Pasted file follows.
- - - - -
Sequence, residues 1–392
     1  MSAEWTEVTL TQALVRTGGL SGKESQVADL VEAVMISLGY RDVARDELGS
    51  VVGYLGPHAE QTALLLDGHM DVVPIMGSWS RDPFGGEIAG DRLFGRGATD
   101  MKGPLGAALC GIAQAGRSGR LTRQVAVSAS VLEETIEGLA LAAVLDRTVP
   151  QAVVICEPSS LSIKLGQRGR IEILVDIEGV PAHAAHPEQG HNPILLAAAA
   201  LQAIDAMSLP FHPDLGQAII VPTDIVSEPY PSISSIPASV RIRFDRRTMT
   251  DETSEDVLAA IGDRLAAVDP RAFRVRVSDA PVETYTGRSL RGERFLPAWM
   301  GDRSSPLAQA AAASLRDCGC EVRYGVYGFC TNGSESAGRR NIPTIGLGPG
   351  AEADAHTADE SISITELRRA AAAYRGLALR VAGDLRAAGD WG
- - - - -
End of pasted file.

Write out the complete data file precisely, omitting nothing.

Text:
Sequence, residues 1–392
     1  MSAEWTEVTL TQALVRTGGL SGKESQVADL VEAVMISLGY RDVARDELGS
    51  VVGYLGPHAE QTALLLDGHM DVVPIMGSWS RDPFGGEIAG DRLFGRGATD
   101  MKGPLGAALC GIAQAGRSGR LTRQVAVSAS VLEETIEGLA LAAVLDRTVP
   151  QAVVICEPSS LSIKLGQRGR IEILVDIEGV PAHAAHPEQG HNPILLAAAA
   201  LQAIDAMSLP FHPDLGQAII VPTDIVSEPY PSISSIPASV RIRFDRRTMT
   251  DETSEDVLAA IGDRLAAVDP RAFRVRVSDA PVETYTGRSL RGERFLPAWM
   301  GDRSSPLAQA AAASLRDCGC EVRYGVYGFC TNGSESAGRR NIPTIGLGPG
   351  AEADAHTADE SISITELRRA AAAYRGLALR VAGDLRAAGD WG